By the proclamation, if offenders should escape into those territories, they are to be arrested by the military force and sent into the colony for trial. That the Governor of South Carolina continued to exercise jurisdiction south of Georgia. The correctness of this principle, so far as respects general legislation, can never be controverted. That seven of the eight proprietors of the Carolinas surrendered to George 2d in the year 1729, who appointed a Governor of South Carolina.
To part with it is to commit a species of political suicide. But the difficulty arises on the word "obligation,". north lat., and from the Atlantic to the South Sea.
Usb-c Portable Monitor, Fletcher v. Peck (1810) is the fourth landmark Supreme Court case, the first in the Economics module, featured in the KTB Prep American Government and Civics Series designed to acquaint users with the origins, concepts, organizations, and policies of the United States government and political system. The first covenant in the deed is that the State of Georgia, at the time of the act of the Legislature thereof entitled as aforesaid, was legally seised in fee of the soil thereof subject only to the extinguishment of part of the Indian title thereon. The state legislatures can pass no ex post facto law. Whether the words, 'acts impairing the obligation of contracts,' can be construed to have the same force as must have been given to the words 'obligation and effect of contracts,' is the difficulty in my mind. The right of jurisdiction is essentially connected to, or rather identified with, the national sovereignty. The Court can perceive no sufficient grounds for making this distinction. Once the sale is complete, the State has lost all control over it.
12th February, 1781, vol. Upon the issue joined upon the fourth plea, the jury found the following special verdict, viz. If contracts made with the State are to be exempted from their operation, the exception must arise from the character of the contracting party, not from the words which are employed. In the Constitution of Georgia, adopted in the. The court cannot say that, in passing that act, the legislature has transcended its powers, and violated the constitution.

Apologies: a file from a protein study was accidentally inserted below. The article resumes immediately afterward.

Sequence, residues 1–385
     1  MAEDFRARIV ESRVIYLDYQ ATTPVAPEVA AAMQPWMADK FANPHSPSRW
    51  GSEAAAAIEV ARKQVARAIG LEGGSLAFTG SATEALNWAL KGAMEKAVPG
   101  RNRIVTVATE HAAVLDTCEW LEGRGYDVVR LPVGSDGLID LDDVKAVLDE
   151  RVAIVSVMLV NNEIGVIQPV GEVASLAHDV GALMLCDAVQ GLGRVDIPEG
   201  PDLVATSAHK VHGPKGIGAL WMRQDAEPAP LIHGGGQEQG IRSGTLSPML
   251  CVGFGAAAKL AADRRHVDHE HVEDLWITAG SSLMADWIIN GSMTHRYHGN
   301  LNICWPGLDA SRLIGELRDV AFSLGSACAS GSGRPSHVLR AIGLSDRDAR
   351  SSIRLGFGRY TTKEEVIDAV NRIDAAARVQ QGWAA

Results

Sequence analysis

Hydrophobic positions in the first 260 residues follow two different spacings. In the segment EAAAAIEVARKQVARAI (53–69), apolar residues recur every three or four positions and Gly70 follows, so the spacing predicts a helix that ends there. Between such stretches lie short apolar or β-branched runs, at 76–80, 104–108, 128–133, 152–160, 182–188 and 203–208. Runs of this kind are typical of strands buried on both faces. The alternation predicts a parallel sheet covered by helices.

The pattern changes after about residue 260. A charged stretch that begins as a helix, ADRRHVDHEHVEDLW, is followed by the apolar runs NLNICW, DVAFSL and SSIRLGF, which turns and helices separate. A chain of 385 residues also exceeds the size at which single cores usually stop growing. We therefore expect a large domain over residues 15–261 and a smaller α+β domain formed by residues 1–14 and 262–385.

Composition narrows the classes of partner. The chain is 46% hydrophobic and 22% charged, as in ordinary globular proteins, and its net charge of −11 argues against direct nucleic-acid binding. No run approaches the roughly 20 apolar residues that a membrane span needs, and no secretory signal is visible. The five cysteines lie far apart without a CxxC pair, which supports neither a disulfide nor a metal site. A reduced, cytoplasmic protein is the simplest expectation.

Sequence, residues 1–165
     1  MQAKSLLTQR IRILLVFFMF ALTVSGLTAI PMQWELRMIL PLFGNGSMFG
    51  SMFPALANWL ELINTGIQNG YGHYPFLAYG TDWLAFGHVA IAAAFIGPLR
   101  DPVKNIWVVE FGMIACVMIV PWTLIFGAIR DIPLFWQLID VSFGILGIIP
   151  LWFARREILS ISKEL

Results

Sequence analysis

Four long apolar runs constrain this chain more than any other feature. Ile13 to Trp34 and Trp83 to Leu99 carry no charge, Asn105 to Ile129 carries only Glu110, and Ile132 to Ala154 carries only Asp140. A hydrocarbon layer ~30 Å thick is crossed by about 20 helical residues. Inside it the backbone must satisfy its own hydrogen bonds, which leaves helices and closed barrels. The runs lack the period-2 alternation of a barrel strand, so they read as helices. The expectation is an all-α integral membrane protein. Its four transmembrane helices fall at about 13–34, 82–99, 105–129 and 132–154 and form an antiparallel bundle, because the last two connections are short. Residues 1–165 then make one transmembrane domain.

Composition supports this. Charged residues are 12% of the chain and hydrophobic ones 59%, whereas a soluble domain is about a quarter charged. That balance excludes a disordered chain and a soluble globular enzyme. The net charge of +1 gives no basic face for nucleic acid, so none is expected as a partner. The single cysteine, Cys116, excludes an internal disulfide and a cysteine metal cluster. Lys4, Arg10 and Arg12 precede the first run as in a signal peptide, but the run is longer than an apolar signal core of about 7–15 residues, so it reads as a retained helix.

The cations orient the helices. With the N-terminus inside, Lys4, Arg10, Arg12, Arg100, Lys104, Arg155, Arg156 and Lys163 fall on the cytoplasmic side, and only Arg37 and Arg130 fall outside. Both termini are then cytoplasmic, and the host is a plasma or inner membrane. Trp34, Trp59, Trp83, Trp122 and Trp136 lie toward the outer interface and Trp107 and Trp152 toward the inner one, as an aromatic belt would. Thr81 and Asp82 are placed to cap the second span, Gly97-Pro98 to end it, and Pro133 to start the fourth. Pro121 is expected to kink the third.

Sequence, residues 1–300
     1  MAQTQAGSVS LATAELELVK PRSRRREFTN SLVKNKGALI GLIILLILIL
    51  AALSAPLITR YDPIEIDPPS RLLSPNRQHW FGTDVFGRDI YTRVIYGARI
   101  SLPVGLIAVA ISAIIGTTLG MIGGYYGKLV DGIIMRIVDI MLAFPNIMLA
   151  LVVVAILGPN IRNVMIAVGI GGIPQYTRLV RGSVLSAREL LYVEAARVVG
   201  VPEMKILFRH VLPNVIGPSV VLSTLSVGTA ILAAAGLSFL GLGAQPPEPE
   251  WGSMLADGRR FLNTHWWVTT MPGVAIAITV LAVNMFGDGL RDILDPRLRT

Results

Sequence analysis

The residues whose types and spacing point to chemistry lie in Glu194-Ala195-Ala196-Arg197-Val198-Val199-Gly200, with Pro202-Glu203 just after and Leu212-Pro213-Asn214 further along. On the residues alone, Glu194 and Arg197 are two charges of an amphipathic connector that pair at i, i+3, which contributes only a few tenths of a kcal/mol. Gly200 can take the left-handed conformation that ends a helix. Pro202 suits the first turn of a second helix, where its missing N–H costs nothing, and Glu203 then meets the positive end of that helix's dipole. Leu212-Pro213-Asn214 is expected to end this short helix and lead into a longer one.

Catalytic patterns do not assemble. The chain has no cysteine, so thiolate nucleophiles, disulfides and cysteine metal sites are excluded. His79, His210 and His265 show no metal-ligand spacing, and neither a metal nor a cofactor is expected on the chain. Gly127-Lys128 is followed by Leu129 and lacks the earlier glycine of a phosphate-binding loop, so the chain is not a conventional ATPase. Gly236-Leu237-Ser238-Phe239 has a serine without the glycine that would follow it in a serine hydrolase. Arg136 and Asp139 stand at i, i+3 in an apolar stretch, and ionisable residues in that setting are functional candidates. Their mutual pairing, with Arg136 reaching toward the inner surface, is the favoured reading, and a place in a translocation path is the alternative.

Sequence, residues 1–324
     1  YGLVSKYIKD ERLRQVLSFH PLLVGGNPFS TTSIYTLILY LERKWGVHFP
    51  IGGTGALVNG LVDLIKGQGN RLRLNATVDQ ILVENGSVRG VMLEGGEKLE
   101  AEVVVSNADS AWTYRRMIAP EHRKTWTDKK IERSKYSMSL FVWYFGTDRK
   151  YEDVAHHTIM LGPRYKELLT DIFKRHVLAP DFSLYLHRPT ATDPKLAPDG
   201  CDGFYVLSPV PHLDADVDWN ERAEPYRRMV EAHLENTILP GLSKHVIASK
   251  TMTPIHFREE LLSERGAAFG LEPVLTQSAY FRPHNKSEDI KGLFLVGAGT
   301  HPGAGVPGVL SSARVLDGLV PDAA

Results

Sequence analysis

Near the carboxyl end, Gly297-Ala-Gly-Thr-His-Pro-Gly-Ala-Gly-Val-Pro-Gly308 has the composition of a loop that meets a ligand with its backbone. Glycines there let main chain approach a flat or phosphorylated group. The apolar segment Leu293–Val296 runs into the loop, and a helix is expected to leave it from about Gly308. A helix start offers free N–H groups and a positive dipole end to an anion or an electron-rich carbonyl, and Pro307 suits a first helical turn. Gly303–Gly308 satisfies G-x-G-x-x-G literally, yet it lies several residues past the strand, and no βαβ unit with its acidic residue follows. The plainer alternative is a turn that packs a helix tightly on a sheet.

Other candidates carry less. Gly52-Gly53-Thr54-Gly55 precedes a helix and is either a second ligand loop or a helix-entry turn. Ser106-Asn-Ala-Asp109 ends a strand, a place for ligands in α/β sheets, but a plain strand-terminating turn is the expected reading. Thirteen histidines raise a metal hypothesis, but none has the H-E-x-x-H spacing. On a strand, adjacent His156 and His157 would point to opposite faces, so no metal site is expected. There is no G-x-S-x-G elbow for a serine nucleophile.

Since, then, in fact, a grant is a contract executed, the obligation of which still continues, and since the Constitution uses the general term "contract" without distinguishing between those which are executory and those which are executed, it must be construed to comprehend the latter as well as the former. When a law is in the nature of a contract, when absolute rights have vested under that contract, a repeal of the law cannot devest those rights. The principle asserted is, that one legislature is competent to repeal any act which a former legislature was competent to pass; and that one legislature cannot abridge the powers of a succeeding legislature. I have been very unwilling to proceed to the decision of this cause at all. That afterwards, in the same year, the legislature of the state of Georgia passed an act, declaring her right, and proclaiming her title to all the lands lying within her boundaries to the river Mississippi. And by the third article of the convention aforesaid, it was agreed by the said States of South Carolina and Georgia that the said State of South Carolina should not thereafter claim any lands to the eastward, southward, southeastward, or west of the said boundary above established; and that the said State of South Carolina did relinquish and cede to the said State of Georgia all the right, title, and claim which the said State of South Carolina had to the government, sovereignty, and jurisdiction in and over the same, and also the right and preemption of soil from the native Indians, and all the estate, property, and claim which the said State of South Carolina had in or to the said lands. It was the first case in which the U. S. Supreme Court held that a state law violated the federal Constitution. In this case I entertain, on two points, an opinion different from that which has been delivered by the court. And further, that all the title which the said state of Georgia ever had in the aforegranted premises has been legally conveyed to the said John Peck by force of the conveyances aforesaid. Nor would it be difficult, with the same view, for laws to be framed which would bring the conduct of individuals under the review of adequate tribunals, and make them suffer under the consequences of their own immoral conduct. It is, therefore, the opinion of this court, that the circuit court erred in overruling the demurrer to the first plea by the defendant pleaded, and that their judgment ought therefore to be reversed, and that judgment on that plea be rendered for the plaintiff.
Its possessions nationally are in nowise necessary to its political existence; they are entirely accidental, and may be parted with in every respect similarly to those of the individuals who compose the community.